The Gambling Commission in Great Britain has recently released their annual Young People and Gambling survey for 2023, showing a significant decrease in the exposure of young people to gambling adverts. The research indicates a 10 percentage point drop among 11- to 17-year-olds who had seen or heard advertisements in the previous 12 months, with 55% and 53% seeing offline and online ads respectively, compared to 66% and 63% in 2022.

The survey, which included 3,000 young people, also revealed a reduction in the number of young people who had spent their own money on gambling activities in the past year. 26% of respondents had engaged in gambling activities, a five percentage point decrease from the previous year’s 31%.

The most common types of gambling activities that young people spent their own money on were legal or did not feature age-restricted products, such as arcade gaming machines, placing bets with friends or family, and playing cards. While a small percentage engaged in regulated gambling, the overall numbers were lower than in 2022, with only 1.5% of respondents identified as at-risk gamblers compared to 2.4% in the previous year.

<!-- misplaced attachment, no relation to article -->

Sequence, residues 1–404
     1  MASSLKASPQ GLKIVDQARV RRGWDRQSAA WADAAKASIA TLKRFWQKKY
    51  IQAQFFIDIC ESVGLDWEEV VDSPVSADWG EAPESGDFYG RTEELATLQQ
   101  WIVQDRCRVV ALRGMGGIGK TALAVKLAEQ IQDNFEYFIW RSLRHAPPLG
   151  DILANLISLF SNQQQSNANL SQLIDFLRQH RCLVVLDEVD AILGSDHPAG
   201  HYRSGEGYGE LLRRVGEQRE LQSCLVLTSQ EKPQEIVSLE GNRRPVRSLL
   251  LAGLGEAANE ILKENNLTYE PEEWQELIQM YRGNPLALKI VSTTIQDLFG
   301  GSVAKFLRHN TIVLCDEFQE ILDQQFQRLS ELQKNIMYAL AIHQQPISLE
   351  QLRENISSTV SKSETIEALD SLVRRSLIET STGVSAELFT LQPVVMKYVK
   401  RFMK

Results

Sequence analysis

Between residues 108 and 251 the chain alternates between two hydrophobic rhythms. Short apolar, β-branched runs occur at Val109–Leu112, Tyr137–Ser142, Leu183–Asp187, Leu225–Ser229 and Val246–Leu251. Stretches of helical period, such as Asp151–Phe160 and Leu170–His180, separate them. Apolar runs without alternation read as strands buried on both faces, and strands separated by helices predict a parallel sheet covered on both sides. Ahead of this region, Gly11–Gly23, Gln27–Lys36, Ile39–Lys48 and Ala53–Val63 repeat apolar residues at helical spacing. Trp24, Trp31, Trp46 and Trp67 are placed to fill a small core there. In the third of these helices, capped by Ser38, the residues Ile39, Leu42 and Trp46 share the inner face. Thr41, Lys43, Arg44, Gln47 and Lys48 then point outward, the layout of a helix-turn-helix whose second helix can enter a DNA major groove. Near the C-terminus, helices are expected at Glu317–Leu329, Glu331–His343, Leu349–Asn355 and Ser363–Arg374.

The majority of young people who spent their own money on gambling did so because they considered it a fun activity, with less than 20% stating that gambling made them feel happy.

The Gambling Commission emphasized the importance of gambling operators having strong protections in place to prevent children from accessing products illegally. They also highlighted the potential impact of the Gambling Act Review white paper, which proposes measures to remove the exemption of age verification for the smallest gambling premises and to strengthen age checks for customers who appear to be under 25.

As the Commission continues to prioritize the protection of children and young people from gambling-related harm, they are working to implement relevant proposals by the government. The research was conducted in schools, with students completing online self-completion surveys, and included data from 11- to 16-year-olds as well as 17-year-olds for the first time.

Tim Miller, executive director of research and policy at the GB Gambling Commission, outlined plans for the next set of Gambling Act Review white paper consultations, which will focus on bonuses and free bets to ensure they are socially responsible.

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